In 2020, there was an increase in mortality disparities by educational attainment in the United States, according to a study published online Oct. 13 in the American Journal of Preventive Medicine.
Emily C. Marlow, Ph.D., from the American Cancer Society in Atlanta, and colleagues examined mortality disparities by socioeconomic status, including education, overall and for seven major causes of death using data on 7,123,254 U.S. deaths from 2017 to 2020.
The researchers found that for adults with the least versus the most education, all-cause death rates were about twofold higher. From 2017 to 2019, there was an increase in disparities in all-cause mortality by educational attainment (rate ratio, 1.97 to 2.04; rate difference, 739.9 to 761.3), followed by a large increase in 2020 (rate ratio, 2.32; rate difference, 1,042.9), which persisted when excluding COVID-19 deaths (rate ratio, 2.27; rate difference, 912.3). Patterns were similar for race/ethnicity and sex. From 2017 to 2019, disparities in cause-specific mortality by education were generally stable, followed by a considerable increase in mortality disparities for heart disease, cancer, cerebrovascular disease, and unintentional injury from 2019 to 2020. The relative increase in rate ratio from 2019 to 2020 was greatest for unintentional injury among these causes of death (24.8 percent).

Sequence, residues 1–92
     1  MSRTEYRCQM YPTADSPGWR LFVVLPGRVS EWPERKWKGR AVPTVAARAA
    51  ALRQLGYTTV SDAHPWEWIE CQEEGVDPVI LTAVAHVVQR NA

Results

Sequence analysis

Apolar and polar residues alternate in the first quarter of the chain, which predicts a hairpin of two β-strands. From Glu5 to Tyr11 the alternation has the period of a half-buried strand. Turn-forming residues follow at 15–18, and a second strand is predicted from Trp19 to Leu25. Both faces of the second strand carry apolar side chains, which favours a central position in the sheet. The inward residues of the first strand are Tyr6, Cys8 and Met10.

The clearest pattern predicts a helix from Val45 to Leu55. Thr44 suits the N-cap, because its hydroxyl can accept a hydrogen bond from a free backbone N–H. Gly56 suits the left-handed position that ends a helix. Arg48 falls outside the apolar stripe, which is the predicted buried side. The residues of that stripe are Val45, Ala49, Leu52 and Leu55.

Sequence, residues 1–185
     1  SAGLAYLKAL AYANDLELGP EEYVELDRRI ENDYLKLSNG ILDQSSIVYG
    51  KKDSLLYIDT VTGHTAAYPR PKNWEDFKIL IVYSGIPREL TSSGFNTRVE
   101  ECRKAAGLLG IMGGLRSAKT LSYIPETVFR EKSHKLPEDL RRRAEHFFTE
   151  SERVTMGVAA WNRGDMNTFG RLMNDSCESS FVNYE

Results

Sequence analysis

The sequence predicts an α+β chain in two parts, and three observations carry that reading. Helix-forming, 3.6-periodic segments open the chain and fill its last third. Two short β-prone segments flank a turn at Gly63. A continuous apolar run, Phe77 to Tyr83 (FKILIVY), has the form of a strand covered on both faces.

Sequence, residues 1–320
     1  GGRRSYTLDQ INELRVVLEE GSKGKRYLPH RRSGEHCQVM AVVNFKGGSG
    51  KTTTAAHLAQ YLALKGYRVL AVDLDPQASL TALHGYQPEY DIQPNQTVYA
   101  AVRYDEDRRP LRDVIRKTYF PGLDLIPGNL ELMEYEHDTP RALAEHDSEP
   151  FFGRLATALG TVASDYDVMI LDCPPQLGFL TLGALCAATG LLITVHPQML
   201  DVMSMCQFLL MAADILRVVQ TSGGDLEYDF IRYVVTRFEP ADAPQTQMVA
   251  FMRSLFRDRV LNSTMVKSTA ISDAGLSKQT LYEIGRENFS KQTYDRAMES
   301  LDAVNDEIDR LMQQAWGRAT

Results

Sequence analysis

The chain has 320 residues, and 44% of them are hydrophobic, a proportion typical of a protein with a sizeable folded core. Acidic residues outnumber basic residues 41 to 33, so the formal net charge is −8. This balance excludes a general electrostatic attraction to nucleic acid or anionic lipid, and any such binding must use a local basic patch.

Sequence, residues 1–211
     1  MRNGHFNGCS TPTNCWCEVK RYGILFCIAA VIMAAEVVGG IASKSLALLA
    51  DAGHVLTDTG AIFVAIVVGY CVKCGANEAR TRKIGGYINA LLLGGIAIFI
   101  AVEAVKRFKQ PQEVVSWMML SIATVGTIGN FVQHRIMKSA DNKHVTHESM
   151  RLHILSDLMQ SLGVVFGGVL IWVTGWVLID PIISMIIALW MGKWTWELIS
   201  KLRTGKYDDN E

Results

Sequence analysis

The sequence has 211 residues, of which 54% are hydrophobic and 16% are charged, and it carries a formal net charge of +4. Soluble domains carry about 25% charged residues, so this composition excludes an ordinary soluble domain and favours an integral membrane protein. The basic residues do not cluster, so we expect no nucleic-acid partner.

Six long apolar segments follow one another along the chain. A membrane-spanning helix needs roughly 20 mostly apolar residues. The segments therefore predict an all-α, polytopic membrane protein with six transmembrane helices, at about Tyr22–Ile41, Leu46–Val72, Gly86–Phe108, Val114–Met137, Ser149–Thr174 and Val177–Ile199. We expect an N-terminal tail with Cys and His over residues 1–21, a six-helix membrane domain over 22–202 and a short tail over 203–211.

“Further research is warranted to fully understand the contributing factors to the widening disparities and to plan mitigation strategies in anticipation of future health care crises,” the authors write.
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